Because there’s no amount of money that’s worth the happiness in his husband’s eyes when he steps into the Gallagher house, searching for each of his siblings (plus Tami) and their respective offspring to give them each a hug. Okay, maybe if it was an obscene amount of money. Like, really obscene.
Mickey sits Franny on Ian’s back for a piggy back ride and watches his husband gallop into the kitchen, their niece squealing with delight and his salad in tow. He can hear Ian already going on and on about those damn tomatoes to Tami and Lip and the rest of the crew. Something smells really good—hopefully, it's Carl’s famous roasted chicken.
Mickey shouts a “‘sup?” towards the kitchen and takes a seat on the couch next to a somewhat subdued Liam, who may be the only Gallagher still actively mourning the passing of Frank. Mickey picks up the spare controller and waits for Liam to follow suit, which he does with a shrug. If they get involved in gaming, they can avoid having to set the table, and it gives Mickey the chance to check in with Liam and remind him to reach out if he needs anything.
“Thanks, Mickey. You know what they say—time takes time.”
“Yeah, kid. It’s hard to say good-bye to a parent. Shit’s complicated.”
It’s not much longer until Debbie’s shrill voice summons everyone into the kitchen, and each member of the family takes a seat in their usual spot. Carl has roasted a chicken, and Debbie and Franny made macaroni and cheese from scratch plus corn muffins. With the salad (and the dressing Mickey grabbed from the fridge when Debbie wasn’t paying attention), it’s a complete meal, and Lip and Tami tell everyone to save room for dessert.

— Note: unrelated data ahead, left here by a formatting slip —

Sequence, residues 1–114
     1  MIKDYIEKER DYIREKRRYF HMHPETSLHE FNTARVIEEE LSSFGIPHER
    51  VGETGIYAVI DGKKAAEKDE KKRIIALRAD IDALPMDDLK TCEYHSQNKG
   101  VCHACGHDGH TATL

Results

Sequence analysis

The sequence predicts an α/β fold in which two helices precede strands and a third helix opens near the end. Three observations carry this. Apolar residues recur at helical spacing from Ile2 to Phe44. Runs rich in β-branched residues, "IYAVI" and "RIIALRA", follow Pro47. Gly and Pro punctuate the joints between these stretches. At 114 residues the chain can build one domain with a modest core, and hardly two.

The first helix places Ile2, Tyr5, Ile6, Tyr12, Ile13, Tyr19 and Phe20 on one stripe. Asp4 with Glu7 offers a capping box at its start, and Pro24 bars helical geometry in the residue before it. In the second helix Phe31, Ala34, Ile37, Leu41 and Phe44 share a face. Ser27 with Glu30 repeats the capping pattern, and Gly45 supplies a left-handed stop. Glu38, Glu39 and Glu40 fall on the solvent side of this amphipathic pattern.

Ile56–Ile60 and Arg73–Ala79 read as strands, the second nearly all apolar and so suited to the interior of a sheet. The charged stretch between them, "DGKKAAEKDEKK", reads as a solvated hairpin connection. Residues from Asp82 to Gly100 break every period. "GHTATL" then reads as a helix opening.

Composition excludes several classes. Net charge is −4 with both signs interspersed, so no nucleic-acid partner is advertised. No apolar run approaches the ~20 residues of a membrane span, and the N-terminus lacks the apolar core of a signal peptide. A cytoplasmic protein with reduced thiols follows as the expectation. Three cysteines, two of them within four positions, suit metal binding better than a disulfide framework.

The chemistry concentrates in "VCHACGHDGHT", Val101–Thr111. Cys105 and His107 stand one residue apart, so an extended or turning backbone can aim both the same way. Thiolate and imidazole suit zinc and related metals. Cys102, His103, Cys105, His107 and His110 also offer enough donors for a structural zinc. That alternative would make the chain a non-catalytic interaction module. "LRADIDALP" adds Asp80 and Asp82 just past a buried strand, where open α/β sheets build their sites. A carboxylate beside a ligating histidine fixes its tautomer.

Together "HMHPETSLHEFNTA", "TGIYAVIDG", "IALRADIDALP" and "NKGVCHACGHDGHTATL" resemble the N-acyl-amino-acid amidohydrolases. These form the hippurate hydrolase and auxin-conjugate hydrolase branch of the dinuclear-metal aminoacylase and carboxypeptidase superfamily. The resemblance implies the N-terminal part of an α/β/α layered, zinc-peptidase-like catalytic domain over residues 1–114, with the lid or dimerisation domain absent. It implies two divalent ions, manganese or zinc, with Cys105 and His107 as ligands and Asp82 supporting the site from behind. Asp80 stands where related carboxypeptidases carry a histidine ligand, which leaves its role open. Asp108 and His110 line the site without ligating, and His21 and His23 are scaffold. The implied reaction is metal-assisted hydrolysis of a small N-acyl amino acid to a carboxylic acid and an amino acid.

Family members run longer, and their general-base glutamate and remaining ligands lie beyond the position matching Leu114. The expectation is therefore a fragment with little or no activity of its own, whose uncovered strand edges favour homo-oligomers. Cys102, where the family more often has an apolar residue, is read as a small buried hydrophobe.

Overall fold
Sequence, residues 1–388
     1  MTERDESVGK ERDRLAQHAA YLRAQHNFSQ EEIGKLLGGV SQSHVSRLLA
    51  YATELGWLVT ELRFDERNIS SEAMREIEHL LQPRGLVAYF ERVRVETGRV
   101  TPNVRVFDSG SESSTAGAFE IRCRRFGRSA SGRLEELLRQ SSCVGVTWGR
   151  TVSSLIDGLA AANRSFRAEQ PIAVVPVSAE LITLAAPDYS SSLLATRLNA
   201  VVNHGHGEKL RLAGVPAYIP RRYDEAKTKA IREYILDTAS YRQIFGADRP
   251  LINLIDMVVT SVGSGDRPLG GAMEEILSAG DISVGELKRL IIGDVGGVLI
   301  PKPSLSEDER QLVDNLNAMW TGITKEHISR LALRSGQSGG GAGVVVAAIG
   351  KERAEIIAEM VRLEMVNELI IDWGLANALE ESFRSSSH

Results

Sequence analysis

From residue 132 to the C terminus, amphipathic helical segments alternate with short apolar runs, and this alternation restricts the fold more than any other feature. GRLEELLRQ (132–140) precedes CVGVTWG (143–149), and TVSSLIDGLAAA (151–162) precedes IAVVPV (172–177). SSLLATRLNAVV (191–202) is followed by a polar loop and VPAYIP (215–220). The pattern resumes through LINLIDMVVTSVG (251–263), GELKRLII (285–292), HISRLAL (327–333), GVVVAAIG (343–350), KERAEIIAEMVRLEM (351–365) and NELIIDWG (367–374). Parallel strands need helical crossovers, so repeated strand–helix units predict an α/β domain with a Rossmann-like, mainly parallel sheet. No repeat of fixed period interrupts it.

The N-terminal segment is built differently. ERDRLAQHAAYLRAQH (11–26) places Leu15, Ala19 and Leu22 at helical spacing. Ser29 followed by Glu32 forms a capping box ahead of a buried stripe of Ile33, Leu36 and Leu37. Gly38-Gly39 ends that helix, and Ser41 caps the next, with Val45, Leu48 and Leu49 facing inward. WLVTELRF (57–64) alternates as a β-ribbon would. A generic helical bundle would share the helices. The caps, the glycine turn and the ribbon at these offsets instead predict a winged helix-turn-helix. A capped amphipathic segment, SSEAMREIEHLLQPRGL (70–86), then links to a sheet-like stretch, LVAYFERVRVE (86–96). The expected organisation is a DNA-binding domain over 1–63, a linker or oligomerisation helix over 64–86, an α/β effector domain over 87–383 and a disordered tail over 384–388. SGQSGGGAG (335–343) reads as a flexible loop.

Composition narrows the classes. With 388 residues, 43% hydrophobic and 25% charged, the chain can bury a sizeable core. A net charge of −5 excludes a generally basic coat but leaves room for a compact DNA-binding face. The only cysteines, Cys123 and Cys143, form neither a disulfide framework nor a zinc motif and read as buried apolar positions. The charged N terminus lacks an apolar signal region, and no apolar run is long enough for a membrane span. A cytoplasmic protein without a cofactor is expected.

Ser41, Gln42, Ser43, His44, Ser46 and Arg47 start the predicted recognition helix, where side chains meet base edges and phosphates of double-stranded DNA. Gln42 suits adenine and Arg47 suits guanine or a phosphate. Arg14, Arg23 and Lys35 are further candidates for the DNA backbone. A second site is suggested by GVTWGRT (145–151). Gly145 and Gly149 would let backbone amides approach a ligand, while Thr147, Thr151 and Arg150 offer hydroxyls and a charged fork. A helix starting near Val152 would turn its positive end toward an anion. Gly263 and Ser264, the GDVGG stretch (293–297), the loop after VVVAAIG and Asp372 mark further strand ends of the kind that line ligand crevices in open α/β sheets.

Dishes are filled and passed around the table as everyone dictates what portion of food they want. After Mickey receives his plate, he promptly retrieves his very own bottle of Tabasco sauce from his pocket and douses everything with it. Ian, fork in hand, gives him this knowing smile and discreetly taps Mickey’s foot under the table. Mickey chooses to read this gesture as “I’m happy you’re here, and my life wouldn’t be complete without you in it.” Maybe Ian means something else entirely, but Mickey can usually read him pretty well.
Most of their dinner conversation centers around Carl and the menu he’s developing for the Alibi once he and Arthur officially take over. In the meantime, Carl has hired a friend of his from that fish fry place where he used to work—Anne—to manage the bar. There seems to be a romance brewing, based on this stupid look Carl gets when he talks about Anne.
Maybe she’ll join us for Sunday dinner soon and bring tamales, thinks Mickey, fondly recalling his first few days in the Gallagher house after leaving prison.
Dessert is some kind of fancy ass bread pudding that Tami seems really proud of. It’s pretty much the most disgusting thing Mickey has ever put in his mouth—and that’s saying a lot. There’s raisins in it, which isn’t the most offensive part of the mushy concoction, but Mickey swallows it down without a single complaint. Tami’s already had to excuse herself from the table twice to throw up, so Mickey decides not to add insult to injury.